I agree. When the snow falls here (dryish and 50% precip is rain in winter), it usually melts within days to a few weeks (can happen between mid december to mid/late January ). That exposes a lot of brown for long periods of time. The brown is resolved with rain but we are just too dry until march, sometimes april or even may.

This year weve seen quite a few march and april showers which allowed the green to appear and stay.

I would take a Minneapolis winter in a minute.
Reply With Quote Quick reply to this message
 
Old 04-24-2015, 10:04 PM
 
Location: Washington State desert
5,622 posts, read 3,737,946 times
Reputation: 4188
The Pacific Northwest has many varied climates. The "west of the cascades" is different than "east of the cascades", and that is important.

While Seattle and Portland can be cool almost year round, they do have a moderating influence, (think Pacific Ocean), and that keeps both from extremes, though Portland can get a cold freezing rain from the east through the Columbia Gorge. East of the cascades, it is an entirely different climate. But even within this region there are variables. Spokane can be cold with lots of snow (not this year), but the Tri-Cities (Richland/Pasco/Kennewick) can be mild as they are at low elevation and have more of desert climate, with little precip.

I guess my point here is not to make too many generalizations about the Pacific Northwest. If you like sunshine and warm temps from April to October, the Tri-Cities fill the bill. If you like mild temps with little snowfall, then western WA may be for you. Obviously, these are generalities, as Seattle can and does get snow, and the eastern part of the state can and will get cold during the winter. (however, not this winter)...
Reply With Quote Quick reply to this message
 
Old 04-25-2015, 07:41 AM
 
Location: Northeast Suburbs of PITTSBURGH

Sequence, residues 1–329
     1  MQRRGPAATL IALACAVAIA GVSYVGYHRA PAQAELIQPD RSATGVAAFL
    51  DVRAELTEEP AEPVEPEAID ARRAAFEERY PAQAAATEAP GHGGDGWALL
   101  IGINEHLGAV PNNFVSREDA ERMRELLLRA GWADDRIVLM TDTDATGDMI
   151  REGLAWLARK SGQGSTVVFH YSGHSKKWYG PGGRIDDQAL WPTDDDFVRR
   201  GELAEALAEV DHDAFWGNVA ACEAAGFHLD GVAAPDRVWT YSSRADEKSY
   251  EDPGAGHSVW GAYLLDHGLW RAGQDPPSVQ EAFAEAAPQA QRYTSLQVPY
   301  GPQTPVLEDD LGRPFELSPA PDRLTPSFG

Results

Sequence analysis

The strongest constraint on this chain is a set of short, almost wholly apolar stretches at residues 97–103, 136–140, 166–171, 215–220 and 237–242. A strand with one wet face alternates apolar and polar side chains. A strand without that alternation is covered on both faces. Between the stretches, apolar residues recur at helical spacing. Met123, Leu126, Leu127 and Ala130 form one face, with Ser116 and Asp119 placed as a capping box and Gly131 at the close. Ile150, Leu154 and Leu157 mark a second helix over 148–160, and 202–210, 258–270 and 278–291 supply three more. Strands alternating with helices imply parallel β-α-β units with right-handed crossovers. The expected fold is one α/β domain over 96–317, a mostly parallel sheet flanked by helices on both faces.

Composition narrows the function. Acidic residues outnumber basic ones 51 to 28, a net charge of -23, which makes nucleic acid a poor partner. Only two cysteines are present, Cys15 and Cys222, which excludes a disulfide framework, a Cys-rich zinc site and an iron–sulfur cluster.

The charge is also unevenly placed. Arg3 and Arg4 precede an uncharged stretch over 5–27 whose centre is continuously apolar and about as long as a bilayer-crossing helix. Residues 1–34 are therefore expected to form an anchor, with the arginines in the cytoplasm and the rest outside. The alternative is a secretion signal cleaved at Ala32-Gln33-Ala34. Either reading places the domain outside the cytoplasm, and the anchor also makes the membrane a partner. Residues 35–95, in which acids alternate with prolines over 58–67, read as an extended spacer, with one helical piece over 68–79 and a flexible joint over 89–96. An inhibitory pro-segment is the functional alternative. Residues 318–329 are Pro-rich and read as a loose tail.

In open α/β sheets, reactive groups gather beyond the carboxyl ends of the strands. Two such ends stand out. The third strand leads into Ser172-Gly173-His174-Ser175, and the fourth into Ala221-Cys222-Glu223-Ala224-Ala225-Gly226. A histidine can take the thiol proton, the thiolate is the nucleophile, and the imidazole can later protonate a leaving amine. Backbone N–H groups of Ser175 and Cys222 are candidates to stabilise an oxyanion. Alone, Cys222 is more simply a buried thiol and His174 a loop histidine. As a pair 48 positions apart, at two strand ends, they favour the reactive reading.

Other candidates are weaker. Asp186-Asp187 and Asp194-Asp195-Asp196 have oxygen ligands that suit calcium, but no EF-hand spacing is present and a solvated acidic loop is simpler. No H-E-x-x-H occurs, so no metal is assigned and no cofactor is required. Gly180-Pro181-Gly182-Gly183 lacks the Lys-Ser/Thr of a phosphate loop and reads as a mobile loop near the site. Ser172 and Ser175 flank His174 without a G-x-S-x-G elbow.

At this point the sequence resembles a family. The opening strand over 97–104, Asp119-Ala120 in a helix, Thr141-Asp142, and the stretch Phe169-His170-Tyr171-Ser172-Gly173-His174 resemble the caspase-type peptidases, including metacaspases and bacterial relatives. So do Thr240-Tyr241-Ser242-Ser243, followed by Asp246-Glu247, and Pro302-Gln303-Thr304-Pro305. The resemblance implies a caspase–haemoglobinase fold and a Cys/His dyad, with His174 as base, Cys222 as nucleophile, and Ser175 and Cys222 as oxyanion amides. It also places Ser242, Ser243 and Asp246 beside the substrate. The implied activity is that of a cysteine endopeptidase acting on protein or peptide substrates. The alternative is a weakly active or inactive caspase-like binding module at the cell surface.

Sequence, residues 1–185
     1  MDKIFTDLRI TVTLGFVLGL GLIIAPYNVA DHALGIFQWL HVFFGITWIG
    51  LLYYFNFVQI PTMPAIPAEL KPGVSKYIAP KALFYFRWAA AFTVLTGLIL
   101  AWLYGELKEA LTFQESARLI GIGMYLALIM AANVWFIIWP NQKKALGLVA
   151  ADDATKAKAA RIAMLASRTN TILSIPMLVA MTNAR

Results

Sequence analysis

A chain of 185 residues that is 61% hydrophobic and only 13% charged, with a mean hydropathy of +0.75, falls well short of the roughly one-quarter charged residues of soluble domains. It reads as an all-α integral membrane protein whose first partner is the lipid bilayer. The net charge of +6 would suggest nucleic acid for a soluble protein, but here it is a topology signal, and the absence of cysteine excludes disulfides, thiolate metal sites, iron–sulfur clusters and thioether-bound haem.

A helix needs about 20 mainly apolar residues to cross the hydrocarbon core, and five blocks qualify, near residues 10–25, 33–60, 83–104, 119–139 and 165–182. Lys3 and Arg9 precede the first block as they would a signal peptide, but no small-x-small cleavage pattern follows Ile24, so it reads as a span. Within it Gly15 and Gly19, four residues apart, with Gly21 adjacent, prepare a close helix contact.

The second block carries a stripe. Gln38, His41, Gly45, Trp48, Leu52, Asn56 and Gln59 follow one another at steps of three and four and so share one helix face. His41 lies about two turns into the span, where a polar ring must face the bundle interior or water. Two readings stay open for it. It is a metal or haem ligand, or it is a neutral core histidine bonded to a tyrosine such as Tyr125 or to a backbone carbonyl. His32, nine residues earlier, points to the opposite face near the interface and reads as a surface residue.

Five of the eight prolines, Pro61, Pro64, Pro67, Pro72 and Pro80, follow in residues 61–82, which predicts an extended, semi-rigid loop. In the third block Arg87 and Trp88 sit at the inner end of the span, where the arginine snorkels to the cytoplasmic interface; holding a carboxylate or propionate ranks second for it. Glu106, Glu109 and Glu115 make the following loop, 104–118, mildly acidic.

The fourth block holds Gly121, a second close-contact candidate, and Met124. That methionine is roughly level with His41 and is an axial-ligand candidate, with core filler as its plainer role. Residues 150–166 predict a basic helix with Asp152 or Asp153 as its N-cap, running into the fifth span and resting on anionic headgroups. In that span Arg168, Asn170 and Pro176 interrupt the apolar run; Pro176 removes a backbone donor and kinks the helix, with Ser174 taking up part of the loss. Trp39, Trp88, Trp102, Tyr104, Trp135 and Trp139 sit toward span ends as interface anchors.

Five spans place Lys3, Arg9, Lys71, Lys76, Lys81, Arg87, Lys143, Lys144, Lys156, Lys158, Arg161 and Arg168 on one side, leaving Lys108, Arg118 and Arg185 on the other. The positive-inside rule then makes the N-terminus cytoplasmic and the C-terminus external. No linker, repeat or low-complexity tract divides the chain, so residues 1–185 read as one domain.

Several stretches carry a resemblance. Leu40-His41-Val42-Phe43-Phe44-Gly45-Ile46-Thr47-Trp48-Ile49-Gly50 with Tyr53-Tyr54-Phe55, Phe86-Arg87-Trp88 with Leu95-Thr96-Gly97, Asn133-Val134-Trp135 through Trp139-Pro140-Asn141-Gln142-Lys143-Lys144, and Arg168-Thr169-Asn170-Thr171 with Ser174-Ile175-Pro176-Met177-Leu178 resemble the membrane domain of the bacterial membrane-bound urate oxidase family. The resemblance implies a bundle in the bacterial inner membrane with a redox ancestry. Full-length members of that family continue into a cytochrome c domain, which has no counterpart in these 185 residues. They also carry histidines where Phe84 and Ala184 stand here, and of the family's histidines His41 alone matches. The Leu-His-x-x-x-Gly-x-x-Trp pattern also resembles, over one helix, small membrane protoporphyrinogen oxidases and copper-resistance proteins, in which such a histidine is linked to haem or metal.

3,735 posts, read 3,586,382 times
Reputation: 2336
Pittsburgh received another coating of snow today (0.3"). I think we've had only one day above 70 degrees. "Spring"

https://twitter.com/NWSPittsburgh
Reply With Quote Quick reply to this message
 
Old 04-25-2015, 12:27 PM
 
Location: Philadelphia
11,888 posts, read 10,413,795 times
Reputation: 8055
Quote:
Originally Posted by speagles84 View Post
Pittsburgh received another coating of snow today (0.3"). I think we've had only one day above 70 degrees. "Spring"

https://twitter.com/NWSPittsburgh
Wow-that's hard to believe when on the other side of the state Philly in April has seen 1 day above 80, 8 days above 70 and only 6 days where it did not go above 60.
Reply With Quote Quick reply to this message
 
Old 04-25-2015, 12:46 PM
 
Location: Northeast Suburbs of PITTSBURGH
3,735 posts, read 3,586,382 times
Reputation: 2336
Quote:
Originally Posted by 2e1m5a View Post
Wow-that's hard to believe when on the other side of the state Philly in April has seen 1 day above 80, 8 days above 70 and only 6 days where it did not go above 60.
Its been quite cold over here this spring; its supposed to hit 55 today (we will see). It snowed the last 3 days, and the Mountains above Pittsburgh in Somerset/Fayette/Westmoreland counties got 4" Thursday.

https://www.facebook.com/SevenSpring...type=3&theater

Philadelphia (although being in the same state) has a significantly warmer climate than Pittsburgh.
Reply With Quote Quick reply to this message
 
Old 04-25-2015, 12:50 PM
 
Location: Chicago
589 posts, read 619,671 times
Reputation: 450
Chicago is in a region of COLD winters and HOT summers, while the North West is a bit more temperate and less drastic changes between seasons.
Reply With Quote Quick reply to this message
Please register to post and access all features of our very popular forum. It is free and quick. Over $68,000 in prizes has already been given out to active posters on our forum. Additional giveaways are planned.

Detailed information about all U.S. cities, counties, and zip codes on our site: City-data.com.


Reply
Please update this thread with any new information or opinions. This open thread is still read by thousands of people, so we encourage all additional points of view.

Quick Reply
Message:

Over $104,000 in prizes was already given out to active posters on our forum and additional giveaways are planned!

Go Back   City-Data Forum > U.S. Forums > General U.S.
Similar Threads
Follow City-Data.com founder on our Forum or

All times are GMT -6.

© 2005-2019, Advameg, Inc. · Please obey Forum Rules · Terms of Use and Privacy Policy · Bug Bounty

City-Data.com - Archive 1, 2, 3, 4, 5, 6, 7, 8, 9, 10, 11, 12, 13, 14, 15, 16, 17, 18, 19, 20, 21, 22, 23, 24, 25, 26, 27, 28, 29, 30, 31, 32, 33, 34, 35 - Top